“[Our] society has a duty to take care of those who have done so much for Singapore. The question to ask ourselves is: How much is this generation of young Singaporeans willing to give of ourselves, to support the older generation, especially those who came from the founding generation of Singapore citizens?” – Parliamentary speech on 21 October 2011 by Member of Parliament for Marine Parade GRC, Ms Tin Pei Ling.
The issue of the elderly has been a focus for Ms Tin since she became an MP after the General Election in May last year. Vilified, especially by netizens, for certain gaffes during the elections, Ms Tin nonetheless has shirked these off and has focused on her grassroots work.
“I pay particular attention to elderly issues, because about 1 in 3 residents in MacPherson are aged 50 years old and above,” she said in her Parliamentary speech last year. “But our entire nation is also ageing.” Ms Tin is MP for the MacPherson ward in Marine Parade.
“We have a moral responsibility to take care of them, to help them enjoy fulfilling lives in their silver years. We will all grow old, some sooner than others. This is a harsh reality of life, but we can make it less harsh,” she says.
Medical cost for the elderly is one issue which many are concerned with. Indeed, Ms Tin herself related how an elderly couple in her ward were “not visiting doctors to receive the medical attention they need because they are worried about high medical fees” even though there are subsidies for these. “Shockingly, the elderly lady even said that she is prepared to let the husband die,” Ms Tin said.
“This case shows that healthcare costs can weigh heavily on many elderly,” she said. “This may even deter them from seeking treatment early, increasing the risk of complications that can cost them more money later on and worse, endanger their lives. Some elderly may also not fully understand the range of different schemes available to help them. Many cannot tell the difference between Medisave, MediShield and Medifund. Sometimes, on probing an elderly Singaporean’s healthcare difficulties, we realized that they could have benefitted from MediShield and Medifund much earlier.”
While medical costs weighs heavily on Singaporeans, especially the elderly poor, there is one group of people which is “just a rung above the bottom” which Ms Tin is also concerned about. These are those who may have jobs but who, for various reasons, are not able to afford medical costs, and do not seek the treatment which they need.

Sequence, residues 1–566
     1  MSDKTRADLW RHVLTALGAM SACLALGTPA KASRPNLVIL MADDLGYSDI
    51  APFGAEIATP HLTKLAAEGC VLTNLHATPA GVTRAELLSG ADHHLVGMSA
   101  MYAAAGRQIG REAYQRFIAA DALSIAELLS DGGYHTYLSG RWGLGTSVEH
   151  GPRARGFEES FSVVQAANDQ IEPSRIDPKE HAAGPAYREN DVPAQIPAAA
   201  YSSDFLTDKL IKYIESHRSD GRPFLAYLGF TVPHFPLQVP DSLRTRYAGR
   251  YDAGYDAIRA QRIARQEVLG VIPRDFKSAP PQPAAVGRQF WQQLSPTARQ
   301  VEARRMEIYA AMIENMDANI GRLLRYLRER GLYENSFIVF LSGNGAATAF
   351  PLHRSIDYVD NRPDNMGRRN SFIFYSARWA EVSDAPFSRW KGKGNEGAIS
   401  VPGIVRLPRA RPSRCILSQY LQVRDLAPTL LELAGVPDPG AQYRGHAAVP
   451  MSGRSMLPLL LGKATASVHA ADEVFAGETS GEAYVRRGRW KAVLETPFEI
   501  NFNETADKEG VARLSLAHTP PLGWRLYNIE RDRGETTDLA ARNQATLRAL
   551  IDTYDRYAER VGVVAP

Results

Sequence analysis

“Some don’t go for follow-ups because of a fear of finding out about more illnesses they must spend on,” Ms Tin told the Straits Times on 6 February. “Some don’t want to burden their kids because the family is already struggling, or they’d rather spend on food.”
To help this group of people, Ms Tin and a group of young grassroots volunteers in her ward have initiated the MacPherson Cares fund. The fund will be launched next month and will disburse up to $300 a year in cash to elderly residents of the ward as reimbursement for their medical bills.
The scheme is not targeted at the very poor with critical or long-term illnesses. These can be helped with other government schemes, like Medifund.
MacPherson Cares is to encourage those who require medical care or follow-ups to continue to do so, bypassing the sometimes lengthy period required in applying for national schemes. “In the interim period,” Ms Tin said, “the fund can give them some financial relief and the confidence to continue seeking medical treatment.”
Ms Tin also raised a radical idea regarding basic healthcare for the elderly in her Parliamentary speech. “We now have improved financing policies, but still, we hear cries for more support and I think we can do more. Specifically, just like how Singapore citizen children in government primary schools need not pay for school fees (miscellaneous fees not included), might this House also consider taking the bold step of providing free basic healthcare to elderly Singaporeans in public healthcare settings?”
With Singapore’s aged population set to hit almost a million by 2030, healthcare will continue to be a major concern. This is especially so given that wages and job security for this group continue to be uncertain.
While the government contemplates more tweaks and introduction of new schemes to address healthcare needs, whatever help given to the elderly in the meantime, such as the MacPherson Cares fund, will be welcome by those who need the help.